These are the activist Latinos who inspire me and have shaken me out of my near-catatonic state. While reporting on the Latino community, its growth in this state, and the constant obstacles Latinos face, this year I vow to do more. I have witnessed North Carolinians fighting racial and economic oppression, and I will join them.
You can say "Not my president" all you want. You can resist and march. I get that. I'm sympathetic with it. As for me, I will live in America no matter who's president, and I plan to thrive here. My community will use this as an occasion to do more. We will resist Donald Trump's ignorant and hateful rhetoric not only because it's our right to do so, but because this is our home. We belong here. We will make this work.
Come to think of it, even as a Mexican-American, I am in some ways thankful for Trump's victory. I am thankful that his vocal hate toward immigrants and people of color have made us stand up and say, "This is not acceptable." I am thankful to him because I am more vocal about my history, about who I am and where I come from, and I will not back down and pretend that we haven't been making America great and beautiful.
North Carolina might not be as liberal as California, the state in which I was born, and it's not as socially progressive as New York, the city I lived in for almost a decade. But something magical is happening. I've never felt more alive than I do now, living here.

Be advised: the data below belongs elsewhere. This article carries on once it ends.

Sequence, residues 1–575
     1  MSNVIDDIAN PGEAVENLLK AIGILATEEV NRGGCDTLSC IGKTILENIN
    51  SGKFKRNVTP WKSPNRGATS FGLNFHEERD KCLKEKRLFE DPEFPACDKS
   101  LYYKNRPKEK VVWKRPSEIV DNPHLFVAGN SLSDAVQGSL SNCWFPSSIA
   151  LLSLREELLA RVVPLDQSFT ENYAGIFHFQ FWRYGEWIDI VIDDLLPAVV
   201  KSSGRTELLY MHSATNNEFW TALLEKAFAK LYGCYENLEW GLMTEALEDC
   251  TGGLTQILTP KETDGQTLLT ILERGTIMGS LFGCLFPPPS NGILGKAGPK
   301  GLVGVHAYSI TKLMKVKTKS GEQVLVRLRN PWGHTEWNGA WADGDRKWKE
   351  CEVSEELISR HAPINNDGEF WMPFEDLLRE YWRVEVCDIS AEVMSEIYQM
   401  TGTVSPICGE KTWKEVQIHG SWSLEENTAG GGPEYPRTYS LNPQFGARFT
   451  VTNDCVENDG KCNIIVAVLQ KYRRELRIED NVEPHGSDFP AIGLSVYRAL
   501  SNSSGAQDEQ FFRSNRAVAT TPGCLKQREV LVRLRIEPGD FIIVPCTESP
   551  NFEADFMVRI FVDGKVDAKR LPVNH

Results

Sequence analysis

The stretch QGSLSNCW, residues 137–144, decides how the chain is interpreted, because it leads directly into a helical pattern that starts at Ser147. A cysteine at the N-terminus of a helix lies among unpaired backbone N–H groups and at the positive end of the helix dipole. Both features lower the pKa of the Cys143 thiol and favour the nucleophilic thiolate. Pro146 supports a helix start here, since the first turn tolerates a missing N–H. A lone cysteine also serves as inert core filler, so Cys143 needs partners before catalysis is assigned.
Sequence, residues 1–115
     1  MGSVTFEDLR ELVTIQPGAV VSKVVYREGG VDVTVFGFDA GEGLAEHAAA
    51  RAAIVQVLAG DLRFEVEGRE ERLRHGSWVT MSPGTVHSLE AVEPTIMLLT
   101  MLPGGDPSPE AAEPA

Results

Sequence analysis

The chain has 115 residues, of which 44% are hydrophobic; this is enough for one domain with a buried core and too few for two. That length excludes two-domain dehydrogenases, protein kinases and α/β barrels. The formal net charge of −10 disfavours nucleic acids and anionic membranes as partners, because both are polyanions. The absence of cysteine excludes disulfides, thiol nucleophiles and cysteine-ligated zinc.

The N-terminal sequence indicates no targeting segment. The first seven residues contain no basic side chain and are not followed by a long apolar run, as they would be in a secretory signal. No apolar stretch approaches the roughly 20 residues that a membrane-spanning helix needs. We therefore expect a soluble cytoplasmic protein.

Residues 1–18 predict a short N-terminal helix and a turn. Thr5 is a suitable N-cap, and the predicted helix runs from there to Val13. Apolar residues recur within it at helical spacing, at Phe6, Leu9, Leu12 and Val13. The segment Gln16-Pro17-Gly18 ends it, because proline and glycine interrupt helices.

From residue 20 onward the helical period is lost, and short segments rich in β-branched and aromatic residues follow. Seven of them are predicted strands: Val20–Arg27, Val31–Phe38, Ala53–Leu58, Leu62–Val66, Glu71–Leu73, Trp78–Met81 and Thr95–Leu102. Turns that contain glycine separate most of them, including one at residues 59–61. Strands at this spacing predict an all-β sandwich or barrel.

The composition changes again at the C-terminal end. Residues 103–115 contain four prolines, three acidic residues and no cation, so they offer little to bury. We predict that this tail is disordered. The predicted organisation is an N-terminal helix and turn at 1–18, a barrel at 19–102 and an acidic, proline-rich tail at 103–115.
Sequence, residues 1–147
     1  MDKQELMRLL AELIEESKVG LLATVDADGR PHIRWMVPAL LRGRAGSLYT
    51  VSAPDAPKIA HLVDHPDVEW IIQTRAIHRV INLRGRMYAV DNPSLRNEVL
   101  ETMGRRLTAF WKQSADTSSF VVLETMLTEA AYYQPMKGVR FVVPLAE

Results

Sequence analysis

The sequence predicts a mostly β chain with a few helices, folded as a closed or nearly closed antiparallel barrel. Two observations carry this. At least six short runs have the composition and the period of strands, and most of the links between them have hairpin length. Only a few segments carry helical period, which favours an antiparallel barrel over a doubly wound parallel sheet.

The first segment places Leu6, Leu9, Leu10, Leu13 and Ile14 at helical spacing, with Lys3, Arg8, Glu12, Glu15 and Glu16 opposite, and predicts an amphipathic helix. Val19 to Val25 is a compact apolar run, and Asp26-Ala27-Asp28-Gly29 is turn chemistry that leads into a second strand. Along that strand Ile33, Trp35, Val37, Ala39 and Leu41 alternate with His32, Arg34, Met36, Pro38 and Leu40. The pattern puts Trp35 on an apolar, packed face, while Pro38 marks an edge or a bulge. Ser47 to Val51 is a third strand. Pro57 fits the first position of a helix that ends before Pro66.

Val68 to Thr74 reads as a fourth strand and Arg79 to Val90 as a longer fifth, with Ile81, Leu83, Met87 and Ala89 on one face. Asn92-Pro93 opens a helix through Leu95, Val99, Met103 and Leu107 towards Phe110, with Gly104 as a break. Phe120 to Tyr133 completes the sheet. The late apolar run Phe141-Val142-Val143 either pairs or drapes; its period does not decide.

"To withdraw in disgust is not the same as apathy."
For many years I've cited that quote, a paraphrase from the movie Slacker, via an REM song, as my credo in regard to politics. (Everything about that sentence is embarrassingly 1990s, I know.) But it's true—for the sake of my mental health and my day-to-day serenity, I've remained largely apolitical through the first sixteen years of the twenty-first century.
I really checked out during the presidential campaign. Until November 8, I prided myself on the fact that I hadn't watched a single moment of the debates, hadn't seen a single stump speech on TV. I got my headlines from NPR and The New York Times; I listened and read selectively. I haven't watched network or cable news in ten years.
My approach may have been flawed, it may have been selfish, but it was a considered decision. That all changed November 9, when I woke up to our current national nightmare. I'm still spiraling, really. I've reluctantly concluded that I can't withdraw anymore. The math has changed. I need to change, too, both in terms of what I take in and what I put out.
Regarding input, I've started reading everything I can on the incoming Trump administration. It's making me crazy, of course—my news app right now is just a sadness-delivery machine. But I'm going to have to deal with that. As to output, I've started signing petitions, writing lawmakers, and donating money where I can. I hope to make the rally and protest circuit in 2017. I aim to misbehave.
That's because I believe that Donald Trump is an existential threat to our country and our planet. Forget Democrat versus Republican, left versus right. This isn't a partisan issue, and these false equivalencies are going to kill us. I'm not mad because my team lost. I'm petrified because a clinical narcissist now has the launch codes for nuclear weapons. Trump has demonstrated, publicly and repeatedly, that he has the temperament and attention span of a third-grader. He reacts to what's put in front of him. He lashes out. What happens when North Korea calls him chicken?